Bullying and Health: Are There Sex Differences?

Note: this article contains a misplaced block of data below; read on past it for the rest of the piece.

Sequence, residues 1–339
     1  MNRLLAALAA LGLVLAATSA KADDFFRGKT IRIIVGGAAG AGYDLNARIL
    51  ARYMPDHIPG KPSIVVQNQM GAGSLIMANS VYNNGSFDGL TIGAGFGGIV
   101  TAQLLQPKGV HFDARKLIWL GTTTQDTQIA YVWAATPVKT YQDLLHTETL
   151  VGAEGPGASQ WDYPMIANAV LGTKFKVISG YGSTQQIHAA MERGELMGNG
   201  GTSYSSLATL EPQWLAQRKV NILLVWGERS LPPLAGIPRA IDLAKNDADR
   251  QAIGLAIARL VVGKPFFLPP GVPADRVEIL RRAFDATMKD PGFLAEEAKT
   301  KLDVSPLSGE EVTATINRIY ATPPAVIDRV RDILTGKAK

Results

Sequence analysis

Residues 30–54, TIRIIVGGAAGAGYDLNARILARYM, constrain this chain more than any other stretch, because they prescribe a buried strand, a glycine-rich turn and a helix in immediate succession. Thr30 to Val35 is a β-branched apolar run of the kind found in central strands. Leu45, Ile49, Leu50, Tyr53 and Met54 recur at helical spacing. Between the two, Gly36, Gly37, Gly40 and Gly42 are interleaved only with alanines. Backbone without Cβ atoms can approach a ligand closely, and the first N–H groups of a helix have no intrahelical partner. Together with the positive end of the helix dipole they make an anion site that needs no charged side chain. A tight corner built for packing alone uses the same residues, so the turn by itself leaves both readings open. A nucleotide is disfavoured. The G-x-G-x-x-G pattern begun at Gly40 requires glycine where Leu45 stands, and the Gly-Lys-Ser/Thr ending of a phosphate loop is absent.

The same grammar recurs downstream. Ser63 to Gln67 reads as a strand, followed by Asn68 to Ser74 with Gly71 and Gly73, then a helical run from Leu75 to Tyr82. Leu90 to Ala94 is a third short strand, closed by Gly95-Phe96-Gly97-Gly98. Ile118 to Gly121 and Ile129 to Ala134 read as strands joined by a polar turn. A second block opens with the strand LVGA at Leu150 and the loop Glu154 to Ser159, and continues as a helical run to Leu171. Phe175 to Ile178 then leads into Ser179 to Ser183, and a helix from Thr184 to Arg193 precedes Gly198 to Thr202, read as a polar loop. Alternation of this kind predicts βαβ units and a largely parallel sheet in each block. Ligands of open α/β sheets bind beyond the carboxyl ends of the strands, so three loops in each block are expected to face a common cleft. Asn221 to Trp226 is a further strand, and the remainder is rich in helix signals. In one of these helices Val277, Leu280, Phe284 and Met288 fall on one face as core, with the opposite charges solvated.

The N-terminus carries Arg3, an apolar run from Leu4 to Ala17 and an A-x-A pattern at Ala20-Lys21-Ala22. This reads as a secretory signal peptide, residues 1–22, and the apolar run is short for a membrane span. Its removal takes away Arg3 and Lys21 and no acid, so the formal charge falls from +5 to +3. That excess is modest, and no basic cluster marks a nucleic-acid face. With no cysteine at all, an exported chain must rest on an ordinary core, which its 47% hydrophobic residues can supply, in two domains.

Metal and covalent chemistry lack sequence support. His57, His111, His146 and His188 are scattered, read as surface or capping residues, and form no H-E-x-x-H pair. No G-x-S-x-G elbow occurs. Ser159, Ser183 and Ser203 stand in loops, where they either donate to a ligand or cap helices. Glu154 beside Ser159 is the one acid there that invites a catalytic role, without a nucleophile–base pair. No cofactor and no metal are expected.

Short- and long-term health consequences of bullying victimization are well documented and include physical and mental health issues as well as increased involvement in risky behavior, but research exploring sex differences in victimization outcomes is still limited. A study published recently in the journal Victims and Offenders uses data from the National Longitudinal Survey of Youth—1997 to examine the consequences of victimization by sex and, more specifically, relationships between bullying victimization and later health risk behaviors—including risky sexual activity, smoking, alcohol use, and drug use. Multivariate analyses identified sex differences for specific health risk indicators, and a substantial difference was evident for overall risk. (PsycINFO Database Record (c) 2017 APA, all rights reserved)

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